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Wednesday, 22 August 2012

36. Finding balance

One of my readers shared his concerns after reading “Shooting for the moon”.  He spoke about the sacrifices ‘achievers’ have to make and how relationships can take a back seat in the journey to attainment and vice versa.  I wrote back, “Ah.. But ‘balance’ is another mantra I constantly drum into my children”.

When we first started our family and up till the day Faith started primary school, Matt and I were very relaxed about education, in the mistaken belief it would benefit her.  Our thought was along the “Ah, but she’s still so little!  Plenty of time to get serious later.”  And for a time, we let our toddler lead us in what and how to occupy her.  When she started school, she showed little interest in books and trailed far behind her peers.  Worried, we had her hearing tested and then wondered if the lag was because she was the youngest in her year and therefore a late bloomer.  We even had educational experts test her in case there was a more serious problem.

When we moved to London, after a few weeks at her new school, Faith came home one day and declared she was the most stupid person in her class.  It broke my heart and I felt I had failed her.  But still, we didn’t want to resort to tutors and just encouraged her to ‘do her best’.  A few years later, a year before all the girls’ sat their critical 11+ exams, I found out the smartest (and very well-rounded) girl in the year had regular tuition.  That’s when I thought, “Holy!  If the smartest girl is getting tuition, I am doing Faith a great disservice by not employing the same support for her!”  I found a really wonderful tutor and watched Faith’s confidence and grades rise dramatically.  My main satisfaction came from the lessons Faith absorbed: a. she wasn’t ‘stupid’; and b: nothing was impossible without some elbow grease.  Yes, she had to make sacrifices for two hours on a Saturday and more often just before  exams.  But in return, she gained offers from all three schools she applied to and was in a position to choose the one most suited to her personality.  She continues to flourish and we are filled with pride as we watch her navigate different situations with grace and determination.

I know, I know.  I am yet to get to the ‘balance’ bit.  Today, we still let the girls lead us in what they want to do BUT, by monitoring their natural talents, we gently steer them, and employ support to nurture and develop if required.  And as I look at their outside-of-school schedules, I see they have a balance in sports (tennis and swim training), music, language (French and Chinese).  Yes, it is busy.  But besides the ‘must do’ (language, music, tennis and swim), the girls have picked activities that interest them (dance and voluntary service for Faith, choir for Tia, and clay making and science club for Paige).   I now feel like I am protesting too much so let me just stop now and instead insert a section of the book I am working on which I feel is relevant to this piece:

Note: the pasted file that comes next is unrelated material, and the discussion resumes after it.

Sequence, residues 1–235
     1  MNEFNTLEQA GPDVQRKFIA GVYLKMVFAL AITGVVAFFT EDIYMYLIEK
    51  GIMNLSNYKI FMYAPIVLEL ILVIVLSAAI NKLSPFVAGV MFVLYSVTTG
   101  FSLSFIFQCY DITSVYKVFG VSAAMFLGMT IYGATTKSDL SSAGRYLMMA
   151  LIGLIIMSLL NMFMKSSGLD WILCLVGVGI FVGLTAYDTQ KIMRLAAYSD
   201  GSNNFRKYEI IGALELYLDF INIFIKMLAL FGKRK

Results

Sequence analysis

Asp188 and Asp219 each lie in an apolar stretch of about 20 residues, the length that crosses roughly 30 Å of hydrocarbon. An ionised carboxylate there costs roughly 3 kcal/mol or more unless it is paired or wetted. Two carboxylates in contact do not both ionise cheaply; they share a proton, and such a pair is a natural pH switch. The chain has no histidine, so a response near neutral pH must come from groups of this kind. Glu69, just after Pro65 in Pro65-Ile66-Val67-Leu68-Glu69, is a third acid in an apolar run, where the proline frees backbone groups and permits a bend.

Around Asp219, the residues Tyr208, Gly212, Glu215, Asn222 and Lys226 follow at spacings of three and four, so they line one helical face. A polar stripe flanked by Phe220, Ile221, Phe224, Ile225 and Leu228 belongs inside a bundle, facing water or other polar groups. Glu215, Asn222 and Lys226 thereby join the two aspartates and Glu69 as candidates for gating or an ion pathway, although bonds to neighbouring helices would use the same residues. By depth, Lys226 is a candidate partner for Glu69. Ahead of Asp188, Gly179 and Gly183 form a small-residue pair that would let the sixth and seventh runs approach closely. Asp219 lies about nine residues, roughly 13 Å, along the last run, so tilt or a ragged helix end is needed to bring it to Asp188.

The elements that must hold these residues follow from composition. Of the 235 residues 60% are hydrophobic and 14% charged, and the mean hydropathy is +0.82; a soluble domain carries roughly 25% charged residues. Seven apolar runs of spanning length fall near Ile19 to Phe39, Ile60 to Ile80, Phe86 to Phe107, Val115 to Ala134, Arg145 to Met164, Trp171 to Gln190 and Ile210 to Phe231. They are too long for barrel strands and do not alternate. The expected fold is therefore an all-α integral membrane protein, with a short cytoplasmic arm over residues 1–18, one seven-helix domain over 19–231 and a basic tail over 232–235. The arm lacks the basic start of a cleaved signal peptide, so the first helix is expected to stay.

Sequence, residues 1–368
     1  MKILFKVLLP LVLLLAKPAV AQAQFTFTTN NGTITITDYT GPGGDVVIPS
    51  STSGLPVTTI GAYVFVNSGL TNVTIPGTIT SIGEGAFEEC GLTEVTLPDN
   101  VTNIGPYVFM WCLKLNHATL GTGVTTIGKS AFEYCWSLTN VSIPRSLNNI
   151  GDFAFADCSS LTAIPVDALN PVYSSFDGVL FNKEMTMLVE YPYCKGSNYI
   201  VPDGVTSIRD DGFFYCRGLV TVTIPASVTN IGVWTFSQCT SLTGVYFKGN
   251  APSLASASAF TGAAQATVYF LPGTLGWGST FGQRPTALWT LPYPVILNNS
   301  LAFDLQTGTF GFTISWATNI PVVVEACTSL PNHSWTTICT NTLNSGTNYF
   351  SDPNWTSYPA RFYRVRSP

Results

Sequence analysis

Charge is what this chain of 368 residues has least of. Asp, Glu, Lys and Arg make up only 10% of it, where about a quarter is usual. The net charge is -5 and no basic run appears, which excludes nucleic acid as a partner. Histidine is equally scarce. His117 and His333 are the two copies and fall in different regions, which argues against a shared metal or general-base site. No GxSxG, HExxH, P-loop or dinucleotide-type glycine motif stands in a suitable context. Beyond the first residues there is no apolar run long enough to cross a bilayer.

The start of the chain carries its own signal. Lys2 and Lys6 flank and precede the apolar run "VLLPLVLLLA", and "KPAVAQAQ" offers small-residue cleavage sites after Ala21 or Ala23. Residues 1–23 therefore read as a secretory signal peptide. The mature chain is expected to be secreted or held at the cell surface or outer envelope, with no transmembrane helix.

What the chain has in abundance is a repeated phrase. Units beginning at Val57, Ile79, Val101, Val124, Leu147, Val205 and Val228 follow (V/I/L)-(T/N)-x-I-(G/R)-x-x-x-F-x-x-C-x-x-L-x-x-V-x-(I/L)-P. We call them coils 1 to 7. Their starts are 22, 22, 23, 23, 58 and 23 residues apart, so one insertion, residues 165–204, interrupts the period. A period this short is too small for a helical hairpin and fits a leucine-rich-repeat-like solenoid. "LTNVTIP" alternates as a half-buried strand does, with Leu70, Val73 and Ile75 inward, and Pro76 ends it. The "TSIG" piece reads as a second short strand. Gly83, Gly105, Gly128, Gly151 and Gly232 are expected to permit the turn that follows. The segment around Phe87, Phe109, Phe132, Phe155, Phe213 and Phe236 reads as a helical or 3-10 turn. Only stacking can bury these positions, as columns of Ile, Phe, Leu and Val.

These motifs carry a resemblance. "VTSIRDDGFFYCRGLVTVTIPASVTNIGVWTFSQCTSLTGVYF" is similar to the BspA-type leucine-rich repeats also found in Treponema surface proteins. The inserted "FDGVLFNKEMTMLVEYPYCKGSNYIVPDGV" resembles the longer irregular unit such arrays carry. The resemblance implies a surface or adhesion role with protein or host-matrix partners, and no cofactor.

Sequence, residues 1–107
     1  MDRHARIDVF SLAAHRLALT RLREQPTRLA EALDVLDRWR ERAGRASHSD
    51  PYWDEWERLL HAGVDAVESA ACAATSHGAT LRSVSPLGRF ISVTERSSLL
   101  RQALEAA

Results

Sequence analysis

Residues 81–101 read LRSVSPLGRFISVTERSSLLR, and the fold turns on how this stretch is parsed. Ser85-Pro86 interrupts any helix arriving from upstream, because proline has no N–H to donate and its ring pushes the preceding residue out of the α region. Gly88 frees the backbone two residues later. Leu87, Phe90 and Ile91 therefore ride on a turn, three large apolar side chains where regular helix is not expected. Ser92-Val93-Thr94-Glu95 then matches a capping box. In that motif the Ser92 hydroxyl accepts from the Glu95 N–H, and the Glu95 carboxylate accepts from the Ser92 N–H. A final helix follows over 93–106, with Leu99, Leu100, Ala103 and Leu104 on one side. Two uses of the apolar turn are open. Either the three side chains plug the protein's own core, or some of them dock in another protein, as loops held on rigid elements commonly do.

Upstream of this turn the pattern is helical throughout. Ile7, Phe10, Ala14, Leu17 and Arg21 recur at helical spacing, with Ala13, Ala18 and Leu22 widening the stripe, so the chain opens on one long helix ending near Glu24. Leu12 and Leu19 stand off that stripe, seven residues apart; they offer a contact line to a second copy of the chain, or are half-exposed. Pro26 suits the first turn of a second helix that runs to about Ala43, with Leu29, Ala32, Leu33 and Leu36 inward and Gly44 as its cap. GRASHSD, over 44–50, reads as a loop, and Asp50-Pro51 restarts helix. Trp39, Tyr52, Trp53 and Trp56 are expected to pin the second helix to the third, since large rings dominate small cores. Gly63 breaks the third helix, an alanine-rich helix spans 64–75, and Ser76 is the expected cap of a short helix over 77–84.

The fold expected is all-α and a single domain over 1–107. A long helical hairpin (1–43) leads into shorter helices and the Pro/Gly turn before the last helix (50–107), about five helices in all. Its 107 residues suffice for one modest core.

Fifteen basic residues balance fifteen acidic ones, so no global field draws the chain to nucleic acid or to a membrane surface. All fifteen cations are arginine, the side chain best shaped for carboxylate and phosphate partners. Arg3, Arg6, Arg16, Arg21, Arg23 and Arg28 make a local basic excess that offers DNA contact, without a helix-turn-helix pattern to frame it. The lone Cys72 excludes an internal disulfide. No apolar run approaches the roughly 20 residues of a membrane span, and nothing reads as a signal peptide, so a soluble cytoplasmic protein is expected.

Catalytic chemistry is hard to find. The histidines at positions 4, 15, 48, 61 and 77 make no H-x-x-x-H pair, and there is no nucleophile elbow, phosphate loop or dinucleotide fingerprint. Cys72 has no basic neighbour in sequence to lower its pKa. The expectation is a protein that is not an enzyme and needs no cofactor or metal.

Balance: I can almost hear you all sigh as I bring up “balance”.  I don’t know how old you will be when you finally read this but remember how I’ve been telling you guys about the importance of balance in your lives?  I still hear you cheekily asking me if “too much homework is also bad for you”.  My answer then, and my answer now, is “yes”.  Too much of ANYTHING is bad for you.  Too much food.  Too much sleep.  Too much alcohol.  Too much tv.  Too much work.  Too much play.  The list goes on and on.  Point is, too much OR too little of anything is not  good.

Throughout your lives, at different points in time, due to whatever is happening, you will find that you are either doing too much or too little of something.  That is  normal.  What you do next is important.  If it is impossible to adjust the glut or deficit right there and then, make a commitment to address it within a certain amount of time.  Be realistic with your timing but make sure you stick to it.  Don’t wait until its too late and the imbalance takes over your life.

And so, for now, our ongoing dinner table discussions about ‘balance’ seem to be working relatively well for the girls as I watch them make healthy choices; and though I am sure it will be an ongoing trek where they will veer in all sorts of directions, it is my hope this coaxing will endure and develop into a natural tendency. 


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